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Newspaper NRC: Uithoflijn tram costs 64 million euros per kilometre

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The Uithoflijn tram is the most expensive tram track in the world, said structural engineer Wolfgang Spier in a radio show late last year. Newspaper NRC fact-checked that statement.

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There are a lot of hurdles when trying to check Wolfgang Spier’s statement, the newspaper says Iin Dutch ed.). Because – can you compare a regular tram and a light rail to a high-speed tram like the Uithoflijn? How much of the route has to be above-ground for it to be considered a tram and not a subway? Which costs do you consider in your comparison? And can you even really compare trams across the world, knowing labour costs worldwide vary so substantially?

The costs for the Uithoflijn are 515 million euros for 8 kilometres of tram tracks, NRC writes. The 18 million euros that might still be required, have not been included in this calculation. “We divide this amount by the length of the track, which results in 63.375 euros a meter, or 64 million euros per kilometre.”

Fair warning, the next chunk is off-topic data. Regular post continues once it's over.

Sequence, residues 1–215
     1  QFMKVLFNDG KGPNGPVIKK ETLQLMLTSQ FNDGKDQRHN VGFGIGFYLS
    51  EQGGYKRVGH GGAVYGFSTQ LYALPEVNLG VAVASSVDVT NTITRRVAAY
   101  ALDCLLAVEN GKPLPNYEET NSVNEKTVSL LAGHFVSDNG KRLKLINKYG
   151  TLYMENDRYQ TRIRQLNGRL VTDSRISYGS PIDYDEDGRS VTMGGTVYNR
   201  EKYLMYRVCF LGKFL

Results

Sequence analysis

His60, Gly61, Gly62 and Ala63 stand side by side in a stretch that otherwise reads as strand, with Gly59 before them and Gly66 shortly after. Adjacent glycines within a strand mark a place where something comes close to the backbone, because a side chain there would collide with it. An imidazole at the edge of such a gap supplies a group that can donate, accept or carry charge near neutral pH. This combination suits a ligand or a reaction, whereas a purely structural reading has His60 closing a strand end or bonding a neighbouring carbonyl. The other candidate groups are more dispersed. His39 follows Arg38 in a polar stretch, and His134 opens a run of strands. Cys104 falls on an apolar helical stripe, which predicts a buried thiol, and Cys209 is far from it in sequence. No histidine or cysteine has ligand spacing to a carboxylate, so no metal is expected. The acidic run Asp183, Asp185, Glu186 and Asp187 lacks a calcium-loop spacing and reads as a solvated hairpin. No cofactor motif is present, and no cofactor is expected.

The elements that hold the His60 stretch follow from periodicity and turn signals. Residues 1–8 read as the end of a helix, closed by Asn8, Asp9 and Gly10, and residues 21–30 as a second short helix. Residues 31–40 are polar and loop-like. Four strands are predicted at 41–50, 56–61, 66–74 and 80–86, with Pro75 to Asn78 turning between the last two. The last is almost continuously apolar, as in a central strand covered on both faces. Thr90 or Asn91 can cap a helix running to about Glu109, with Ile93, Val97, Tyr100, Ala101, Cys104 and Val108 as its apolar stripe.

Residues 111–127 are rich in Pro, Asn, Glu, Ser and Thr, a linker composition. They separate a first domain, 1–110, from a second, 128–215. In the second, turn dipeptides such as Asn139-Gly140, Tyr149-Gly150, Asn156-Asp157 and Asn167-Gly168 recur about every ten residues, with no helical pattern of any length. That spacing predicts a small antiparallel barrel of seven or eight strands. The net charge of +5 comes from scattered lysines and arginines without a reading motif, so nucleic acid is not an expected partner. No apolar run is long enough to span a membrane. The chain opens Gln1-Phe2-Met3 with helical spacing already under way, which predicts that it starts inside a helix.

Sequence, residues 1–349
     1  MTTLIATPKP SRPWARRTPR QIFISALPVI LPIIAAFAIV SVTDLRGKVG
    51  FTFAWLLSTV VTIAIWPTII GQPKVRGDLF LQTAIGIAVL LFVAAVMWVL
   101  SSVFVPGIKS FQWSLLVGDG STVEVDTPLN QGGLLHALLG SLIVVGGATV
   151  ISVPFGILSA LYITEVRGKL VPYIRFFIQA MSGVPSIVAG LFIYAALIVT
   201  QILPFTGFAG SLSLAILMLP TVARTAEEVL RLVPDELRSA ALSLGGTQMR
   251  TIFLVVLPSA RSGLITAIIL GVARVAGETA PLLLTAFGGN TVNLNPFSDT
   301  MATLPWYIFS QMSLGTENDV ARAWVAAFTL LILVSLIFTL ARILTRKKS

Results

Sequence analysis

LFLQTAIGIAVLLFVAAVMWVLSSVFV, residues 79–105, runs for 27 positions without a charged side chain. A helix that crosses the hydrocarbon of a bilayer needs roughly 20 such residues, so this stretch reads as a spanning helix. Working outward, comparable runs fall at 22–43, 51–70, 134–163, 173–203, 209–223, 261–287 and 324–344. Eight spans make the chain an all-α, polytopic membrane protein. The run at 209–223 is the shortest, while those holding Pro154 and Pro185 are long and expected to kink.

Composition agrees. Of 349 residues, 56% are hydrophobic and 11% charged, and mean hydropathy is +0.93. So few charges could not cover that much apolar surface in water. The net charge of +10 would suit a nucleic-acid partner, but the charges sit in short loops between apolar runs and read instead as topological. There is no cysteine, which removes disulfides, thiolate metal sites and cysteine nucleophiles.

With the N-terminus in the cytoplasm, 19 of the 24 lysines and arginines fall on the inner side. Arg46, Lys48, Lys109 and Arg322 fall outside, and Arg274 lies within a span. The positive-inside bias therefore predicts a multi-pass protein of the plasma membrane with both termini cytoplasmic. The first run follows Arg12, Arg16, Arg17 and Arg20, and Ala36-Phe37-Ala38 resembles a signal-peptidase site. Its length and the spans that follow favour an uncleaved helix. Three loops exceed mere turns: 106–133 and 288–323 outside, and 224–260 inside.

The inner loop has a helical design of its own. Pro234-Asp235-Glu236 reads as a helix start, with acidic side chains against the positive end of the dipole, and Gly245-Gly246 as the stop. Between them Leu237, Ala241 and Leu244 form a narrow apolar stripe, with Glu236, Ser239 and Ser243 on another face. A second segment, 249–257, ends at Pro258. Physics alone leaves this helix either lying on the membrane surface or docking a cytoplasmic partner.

The red line through Jerusalem is the only one that’s more expensive, according to NRC: 67 million euros per kilometre. The tram in Edinburgh, which was delayed due to a fight with the contractor, was just as expensive as the Uithoflijn. The BBC reports that it cost 891 million euros for 14 kilometres, which means it cost 64 million per kilometre. Other trams, such as the short tram in the Hungarian hometown of Viktor Orban and the extension of Parisian line 3, are less expensive.

Based on that comparison, the newspaper concludes that at the very least, the Uithoflijn is among the most expensive tram tracks in the world. “The Jerusalem line is more expensive, but the track includes an expensive bridge. Keeping in mind the already mentioned caveat that they’re hard to compare, we assess the statement as partially true.”

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